She points out that VISTAs also qualify for Supplemental Nutrition Assistance Program, otherwise known as SNAP, or food stamps.
“Enrolling in the program is a great learning process for us as young professionals,” Cavender said, “because this is what people go through. It’s normalizing and without stigma.”
Gerkin — Cavender’s supervisor — said that TCHNetwork looks for ways to compensate VISTAs through separate paid jobs like interpretation, child care at events and house sitting for TCHNetwork staff.
A yearlong commitment may not be a lot of time for VISTAs to realize the ambitious goals of eradicating poverty and serving as catalysts for change, and Gerkin admits that the short tenure can present challenges.
“Right about the time they start hitting their stride, their term expires with us,” he said.
Even so, Cavender intends to find satisfaction in her yearlong VISTA role.
“We’re working for some pretty heavy social justice,” she said. “And those (situations) aren’t going to be resolved in a year. But just knowing that every day I can show up to work — if I help just one person to do work — I think that’s where I’ll feel satisfied.”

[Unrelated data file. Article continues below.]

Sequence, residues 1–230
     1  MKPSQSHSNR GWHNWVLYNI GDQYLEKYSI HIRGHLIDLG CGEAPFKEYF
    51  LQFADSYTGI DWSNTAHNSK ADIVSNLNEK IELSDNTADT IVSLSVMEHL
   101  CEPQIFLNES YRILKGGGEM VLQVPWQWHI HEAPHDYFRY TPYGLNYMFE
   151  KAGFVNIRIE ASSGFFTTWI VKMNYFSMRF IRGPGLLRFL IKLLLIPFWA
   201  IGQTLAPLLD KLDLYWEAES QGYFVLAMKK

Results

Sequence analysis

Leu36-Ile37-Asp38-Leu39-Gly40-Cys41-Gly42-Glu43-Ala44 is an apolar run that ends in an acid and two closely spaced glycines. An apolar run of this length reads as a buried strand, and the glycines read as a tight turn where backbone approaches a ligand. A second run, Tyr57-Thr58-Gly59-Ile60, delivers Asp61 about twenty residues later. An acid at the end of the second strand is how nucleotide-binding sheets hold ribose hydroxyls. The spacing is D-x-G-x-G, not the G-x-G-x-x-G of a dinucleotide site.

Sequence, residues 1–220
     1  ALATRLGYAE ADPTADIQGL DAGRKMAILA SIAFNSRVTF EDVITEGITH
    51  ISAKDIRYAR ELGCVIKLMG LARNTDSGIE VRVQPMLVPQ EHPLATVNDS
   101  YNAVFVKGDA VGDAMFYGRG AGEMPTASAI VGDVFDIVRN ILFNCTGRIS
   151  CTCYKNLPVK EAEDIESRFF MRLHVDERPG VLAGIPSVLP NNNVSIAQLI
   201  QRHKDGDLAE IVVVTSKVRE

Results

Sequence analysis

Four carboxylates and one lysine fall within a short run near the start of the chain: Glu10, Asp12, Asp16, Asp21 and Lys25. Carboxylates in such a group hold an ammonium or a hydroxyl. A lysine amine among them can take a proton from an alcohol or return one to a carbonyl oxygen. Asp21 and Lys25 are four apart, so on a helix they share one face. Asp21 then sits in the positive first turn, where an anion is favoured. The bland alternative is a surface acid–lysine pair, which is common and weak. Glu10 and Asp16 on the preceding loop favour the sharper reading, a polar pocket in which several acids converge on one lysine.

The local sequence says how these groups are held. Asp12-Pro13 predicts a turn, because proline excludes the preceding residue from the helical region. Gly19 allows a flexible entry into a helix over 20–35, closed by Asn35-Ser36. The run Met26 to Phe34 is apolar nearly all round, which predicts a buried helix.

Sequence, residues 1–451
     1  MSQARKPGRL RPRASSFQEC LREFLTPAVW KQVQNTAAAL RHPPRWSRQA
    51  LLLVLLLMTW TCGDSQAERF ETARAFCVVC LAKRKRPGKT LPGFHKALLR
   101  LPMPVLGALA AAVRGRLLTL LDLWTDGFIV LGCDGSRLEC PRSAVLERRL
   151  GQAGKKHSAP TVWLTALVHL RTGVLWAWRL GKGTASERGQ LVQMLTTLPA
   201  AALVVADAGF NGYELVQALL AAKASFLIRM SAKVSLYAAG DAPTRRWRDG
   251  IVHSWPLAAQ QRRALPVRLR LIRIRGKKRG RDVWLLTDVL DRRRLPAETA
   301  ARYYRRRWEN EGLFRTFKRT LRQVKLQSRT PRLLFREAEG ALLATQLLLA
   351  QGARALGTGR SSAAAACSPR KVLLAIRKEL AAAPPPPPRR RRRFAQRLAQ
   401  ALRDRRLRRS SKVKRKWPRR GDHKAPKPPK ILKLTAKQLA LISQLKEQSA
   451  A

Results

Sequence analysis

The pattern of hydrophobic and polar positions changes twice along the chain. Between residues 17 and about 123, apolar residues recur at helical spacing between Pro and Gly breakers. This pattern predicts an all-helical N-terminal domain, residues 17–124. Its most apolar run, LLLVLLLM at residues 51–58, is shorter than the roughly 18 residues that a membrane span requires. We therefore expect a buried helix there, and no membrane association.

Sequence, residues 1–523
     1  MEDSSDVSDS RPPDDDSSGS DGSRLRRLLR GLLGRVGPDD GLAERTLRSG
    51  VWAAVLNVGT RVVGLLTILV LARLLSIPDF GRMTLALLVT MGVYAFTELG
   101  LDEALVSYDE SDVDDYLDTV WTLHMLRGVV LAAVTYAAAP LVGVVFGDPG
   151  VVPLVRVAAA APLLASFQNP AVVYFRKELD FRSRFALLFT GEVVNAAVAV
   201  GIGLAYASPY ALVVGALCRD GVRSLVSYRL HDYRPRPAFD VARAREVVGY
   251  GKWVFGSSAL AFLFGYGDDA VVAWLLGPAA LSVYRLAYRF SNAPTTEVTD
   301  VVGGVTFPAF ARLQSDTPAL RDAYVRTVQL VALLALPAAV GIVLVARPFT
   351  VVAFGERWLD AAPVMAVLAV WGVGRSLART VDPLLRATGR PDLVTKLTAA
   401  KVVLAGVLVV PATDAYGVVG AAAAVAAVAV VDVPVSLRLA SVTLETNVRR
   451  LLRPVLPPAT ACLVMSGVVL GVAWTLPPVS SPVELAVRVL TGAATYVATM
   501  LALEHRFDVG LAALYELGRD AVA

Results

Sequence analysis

THOSE WHO STAY
While VISTAs contract to work for community organizations for one year, several have found permanent jobs in the area and decided to remain here.
“We’ve had VISTAs who’ve stayed in the community,” Montgomery said. “It’s really fun to see what they end up doing and how they progress.”
For example, Lily Brigs, last year’s VISTA at TTF, started a floral business in the region and remains involved with the local food movement in Norwood.